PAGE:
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Medical Fee Schedule Dilemma – WCRI Study – High Cost States Have None

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Medical Fee Schedule Dilemma – No Schedule Means Higher Costs Now and In Future

The WCRI (Workers Compensation Research Institute) just released a study pointing out a medical fee schedule dilemma.   The states that still hold on to the old U&C (Usual and Customary) method of charging for workers’ compensation treatment are costing employers dearly.

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Public Use License – Trianthom

According to the WCRI

The study, WCRI Medical Price Index for Workers’ Compensation, 11th Edition (MPI-WC), found that prices paid in states with no fee schedules for professional services were 39 to 171 percent higher than the median of the study states with fee schedules in 2018. WCRI also found that medical prices in most states with no fee schedules grew faster than in states with fee schedules — the median growth rate among the non-fee schedule states was 34 percent from 2008 to 2018, compared with the typical growth rate of 6 percent among the fee schedule states.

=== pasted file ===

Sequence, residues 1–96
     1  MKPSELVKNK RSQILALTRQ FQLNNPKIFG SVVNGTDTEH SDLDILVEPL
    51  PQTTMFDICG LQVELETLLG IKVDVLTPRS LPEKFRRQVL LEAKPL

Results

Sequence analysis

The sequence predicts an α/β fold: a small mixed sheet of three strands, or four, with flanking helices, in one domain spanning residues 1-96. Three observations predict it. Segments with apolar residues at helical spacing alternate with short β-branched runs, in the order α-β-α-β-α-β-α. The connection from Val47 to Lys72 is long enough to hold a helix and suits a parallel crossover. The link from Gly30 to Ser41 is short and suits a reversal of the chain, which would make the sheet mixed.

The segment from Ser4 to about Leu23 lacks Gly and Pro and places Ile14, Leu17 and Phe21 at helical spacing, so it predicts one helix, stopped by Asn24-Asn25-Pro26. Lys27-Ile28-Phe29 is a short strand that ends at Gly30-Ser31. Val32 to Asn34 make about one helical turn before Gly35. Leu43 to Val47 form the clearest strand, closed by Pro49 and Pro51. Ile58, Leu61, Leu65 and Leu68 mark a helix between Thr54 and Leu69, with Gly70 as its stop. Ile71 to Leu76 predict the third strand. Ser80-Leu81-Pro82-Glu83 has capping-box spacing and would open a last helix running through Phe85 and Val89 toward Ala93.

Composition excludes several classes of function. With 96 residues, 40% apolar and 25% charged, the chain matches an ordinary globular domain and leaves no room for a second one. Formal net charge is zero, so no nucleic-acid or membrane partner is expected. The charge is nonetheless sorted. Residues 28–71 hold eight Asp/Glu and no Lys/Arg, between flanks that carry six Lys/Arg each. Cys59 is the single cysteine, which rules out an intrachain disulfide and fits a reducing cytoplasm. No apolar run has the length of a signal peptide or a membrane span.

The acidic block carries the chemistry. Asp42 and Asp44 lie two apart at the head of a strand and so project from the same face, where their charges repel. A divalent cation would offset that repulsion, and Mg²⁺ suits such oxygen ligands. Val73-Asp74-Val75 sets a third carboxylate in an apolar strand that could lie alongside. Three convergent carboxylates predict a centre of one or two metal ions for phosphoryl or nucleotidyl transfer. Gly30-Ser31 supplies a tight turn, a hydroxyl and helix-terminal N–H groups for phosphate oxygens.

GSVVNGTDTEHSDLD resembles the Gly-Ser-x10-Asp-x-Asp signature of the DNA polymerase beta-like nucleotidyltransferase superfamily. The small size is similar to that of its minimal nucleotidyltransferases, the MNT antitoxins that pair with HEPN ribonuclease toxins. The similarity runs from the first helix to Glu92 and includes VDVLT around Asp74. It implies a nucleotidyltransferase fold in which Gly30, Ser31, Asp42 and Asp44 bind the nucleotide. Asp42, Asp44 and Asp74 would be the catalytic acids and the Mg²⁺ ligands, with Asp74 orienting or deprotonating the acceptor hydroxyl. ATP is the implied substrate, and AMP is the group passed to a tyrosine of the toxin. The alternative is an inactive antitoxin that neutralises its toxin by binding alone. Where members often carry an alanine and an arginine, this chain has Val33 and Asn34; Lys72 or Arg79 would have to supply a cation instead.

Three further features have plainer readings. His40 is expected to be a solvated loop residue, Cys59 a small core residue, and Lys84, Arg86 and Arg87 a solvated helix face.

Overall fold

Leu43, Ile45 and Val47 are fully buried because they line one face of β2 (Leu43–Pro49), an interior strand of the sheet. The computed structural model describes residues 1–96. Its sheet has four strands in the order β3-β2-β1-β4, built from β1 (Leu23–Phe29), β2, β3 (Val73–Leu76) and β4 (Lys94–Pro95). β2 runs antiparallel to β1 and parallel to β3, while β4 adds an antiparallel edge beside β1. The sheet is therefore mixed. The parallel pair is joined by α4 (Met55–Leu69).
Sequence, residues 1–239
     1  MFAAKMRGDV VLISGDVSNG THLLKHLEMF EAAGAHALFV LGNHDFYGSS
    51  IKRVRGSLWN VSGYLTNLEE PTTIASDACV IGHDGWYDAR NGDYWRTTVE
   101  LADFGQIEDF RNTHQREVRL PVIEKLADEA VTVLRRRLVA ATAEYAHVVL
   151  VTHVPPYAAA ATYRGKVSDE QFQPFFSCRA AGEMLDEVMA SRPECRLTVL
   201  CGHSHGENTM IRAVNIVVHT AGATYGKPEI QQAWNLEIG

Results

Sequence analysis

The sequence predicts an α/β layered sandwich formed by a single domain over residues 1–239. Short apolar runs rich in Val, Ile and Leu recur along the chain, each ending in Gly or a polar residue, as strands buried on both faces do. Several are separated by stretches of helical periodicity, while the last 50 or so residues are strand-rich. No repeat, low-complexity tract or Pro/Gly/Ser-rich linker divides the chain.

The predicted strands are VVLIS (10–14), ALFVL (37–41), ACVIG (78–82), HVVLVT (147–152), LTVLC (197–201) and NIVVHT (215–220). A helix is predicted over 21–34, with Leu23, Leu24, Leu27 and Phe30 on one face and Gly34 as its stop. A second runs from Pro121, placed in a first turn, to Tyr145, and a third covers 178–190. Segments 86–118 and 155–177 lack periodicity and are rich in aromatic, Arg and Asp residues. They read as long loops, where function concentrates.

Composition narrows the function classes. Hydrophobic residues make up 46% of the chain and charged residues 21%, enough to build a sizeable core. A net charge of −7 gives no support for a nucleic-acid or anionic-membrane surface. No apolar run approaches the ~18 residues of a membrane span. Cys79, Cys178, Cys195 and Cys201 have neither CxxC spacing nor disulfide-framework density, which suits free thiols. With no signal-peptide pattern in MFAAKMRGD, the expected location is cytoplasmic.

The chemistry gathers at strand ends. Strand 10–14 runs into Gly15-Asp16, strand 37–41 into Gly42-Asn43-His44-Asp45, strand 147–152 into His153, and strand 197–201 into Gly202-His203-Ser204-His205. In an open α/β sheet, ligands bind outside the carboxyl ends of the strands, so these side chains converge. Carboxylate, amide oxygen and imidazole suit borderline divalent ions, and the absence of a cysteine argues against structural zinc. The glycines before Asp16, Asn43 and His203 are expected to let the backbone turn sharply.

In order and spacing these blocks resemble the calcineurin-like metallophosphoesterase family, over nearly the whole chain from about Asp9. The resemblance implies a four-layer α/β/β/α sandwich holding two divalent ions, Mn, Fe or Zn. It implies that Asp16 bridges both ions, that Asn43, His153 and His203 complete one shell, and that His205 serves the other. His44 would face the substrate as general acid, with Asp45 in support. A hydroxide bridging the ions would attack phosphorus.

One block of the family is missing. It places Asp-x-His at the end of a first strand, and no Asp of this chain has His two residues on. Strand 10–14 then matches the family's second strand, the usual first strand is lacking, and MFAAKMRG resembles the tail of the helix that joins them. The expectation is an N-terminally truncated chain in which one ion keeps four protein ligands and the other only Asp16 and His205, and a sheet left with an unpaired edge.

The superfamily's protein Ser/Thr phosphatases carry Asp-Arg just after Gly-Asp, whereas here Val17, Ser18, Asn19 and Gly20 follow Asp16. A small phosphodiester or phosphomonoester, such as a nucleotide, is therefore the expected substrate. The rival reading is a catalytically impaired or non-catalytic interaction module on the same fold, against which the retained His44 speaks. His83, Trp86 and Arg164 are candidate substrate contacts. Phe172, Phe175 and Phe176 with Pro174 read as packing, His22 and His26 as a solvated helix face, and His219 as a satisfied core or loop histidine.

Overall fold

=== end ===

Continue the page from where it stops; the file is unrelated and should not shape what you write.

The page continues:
OK, so let us look at what WCRI has proffered in this study.

  • At a minimum, the services were 39% higher in states with the medical fee schedule dilemma.
  • Some states are priced at 171% higher.
  • The non-fee schedule states’ medical costs grew at an almost 600% faster rate.

I have not fully read the study.  I have written on fee schedules so many times that if you go to the bottom of this article and click on the category fee schedule, you will have more than enough material to assess whether a medical fee schedule saves employers premiums and self insureds their insurance budgets.

Look a the bolded numbers again.   Those are not small numbers.   States such as Tennessee, Indiana, and Virginia have all decided to take the plunge and enact fee schedules.   What do you think happened to those states’ medical costs for workers’ compensation?   Yes, they have reduced their spending.

WCRI Comprehensive Study Details

This annual report focuses on professional services billed by physicians, physical therapists, and chiropractors. The medical services fall into eight groups: evaluation and management, physical medicine, surgery, major radiology, minor radiology, neurological and neuromuscular testing, pain management injections, and emergency care.

The 36 states in the study, which represent 88 percent of the workers’ compensation benefits paid in the United States, are Alabama, Arizona, Arkansas, California, Colorado, Connecticut, Delaware, Florida, Georgia, Illinois, Indiana, Iowa, Kansas, Kentucky, Louisiana, Maryland, Massachusetts, Michigan, Minnesota, Mississippi, Missouri, Nebraska, Nevada, New Hampshire, New Jersey, New Mexico, New York, North Carolina, Oklahoma, Oregon, Pennsylvania, South Carolina, Tennessee, Texas, Virginia, and Wisconsin.

Get Your Free, yes freebies copy here.